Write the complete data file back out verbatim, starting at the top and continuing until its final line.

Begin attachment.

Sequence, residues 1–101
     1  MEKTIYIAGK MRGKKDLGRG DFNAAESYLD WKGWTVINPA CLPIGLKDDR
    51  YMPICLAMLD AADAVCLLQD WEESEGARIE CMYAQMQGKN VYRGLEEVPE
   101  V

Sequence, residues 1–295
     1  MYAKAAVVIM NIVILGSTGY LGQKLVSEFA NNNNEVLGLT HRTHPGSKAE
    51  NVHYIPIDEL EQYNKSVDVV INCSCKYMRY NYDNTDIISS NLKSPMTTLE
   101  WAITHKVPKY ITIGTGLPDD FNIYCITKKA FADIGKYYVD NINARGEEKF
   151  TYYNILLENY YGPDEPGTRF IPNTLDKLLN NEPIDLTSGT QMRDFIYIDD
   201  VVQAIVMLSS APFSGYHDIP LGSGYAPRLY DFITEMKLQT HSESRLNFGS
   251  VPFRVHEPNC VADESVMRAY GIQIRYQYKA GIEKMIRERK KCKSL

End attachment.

Sequence, residues 1–101
     1  MEKTIYIAGK MRGKKDLGRG DFNAAESYLD WKGWTVINPA CLPIGLKDDR
    51  YMPICLAMLD AADAVCLLQD WEESEGARIE CMYAQMQGKN VYRGLEEVPE
   101  V

Sequence, residues 1–295
     1  MYAKAAVVIM NIVILGSTGY LGQKLVSEFA NNNNEVLGLT HRTHPGSKAE
    51  NVHYIPIDEL EQYNKSVDVV INCSCKYMRY NYDNTDIISS NLKSPMTTLE
   101  WAITHKVPKY ITIGTGLPDD FNIYCITKKA FADIGKYYVD NINARGEEKF
   151  TYYNILLENY YGPDEPGTRF IPNTLDKLLN NEPIDLTSGT QMRDFIYIDD
   201  VVQAIVMLSS APFSGYHDIP LGSGYAPRLY DFITEMKLQT HSESRLNFGS
   251  VPFRVHEPNC VADESVMRAY GIQIRYQYKA GIEKMIRERK KCKSL